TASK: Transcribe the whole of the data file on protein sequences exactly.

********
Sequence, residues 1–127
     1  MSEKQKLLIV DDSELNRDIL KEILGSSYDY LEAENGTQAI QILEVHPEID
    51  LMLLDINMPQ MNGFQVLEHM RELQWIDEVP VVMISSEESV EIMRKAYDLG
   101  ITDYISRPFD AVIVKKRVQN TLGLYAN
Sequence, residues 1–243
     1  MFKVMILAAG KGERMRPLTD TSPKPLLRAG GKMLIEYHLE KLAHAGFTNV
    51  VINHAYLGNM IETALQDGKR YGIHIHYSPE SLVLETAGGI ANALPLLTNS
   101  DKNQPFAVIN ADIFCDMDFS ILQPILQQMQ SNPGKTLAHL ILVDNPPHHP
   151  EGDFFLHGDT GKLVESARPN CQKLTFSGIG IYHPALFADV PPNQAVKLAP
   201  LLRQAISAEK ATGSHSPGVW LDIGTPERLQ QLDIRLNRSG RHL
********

Sequence, residues 1–127
     1  MSEKQKLLIV DDSELNRDIL KEILGSSYDY LEAENGTQAI QILEVHPEID
    51  LMLLDINMPQ MNGFQVLEHM RELQWIDEVP VVMISSEESV EIMRKAYDLG
   101  ITDYISRPFD AVIVKKRVQN TLGLYAN
Sequence, residues 1–243
     1  MFKVMILAAG KGERMRPLTD TSPKPLLRAG GKMLIEYHLE KLAHAGFTNV
    51  VINHAYLGNM IETALQDGKR YGIHIHYSPE SLVLETAGGI ANALPLLTNS
   101  DKNQPFAVIN ADIFCDMDFS ILQPILQQMQ SNPGKTLAHL ILVDNPPHHP
   151  EGDFFLHGDT GKLVESARPN CQKLTFSGIG IYHPALFADV PPNQAVKLAP
   201  LLRQAISAEK ATGSHSPGVW LDIGTPERLQ QLDIRLNRSG RHL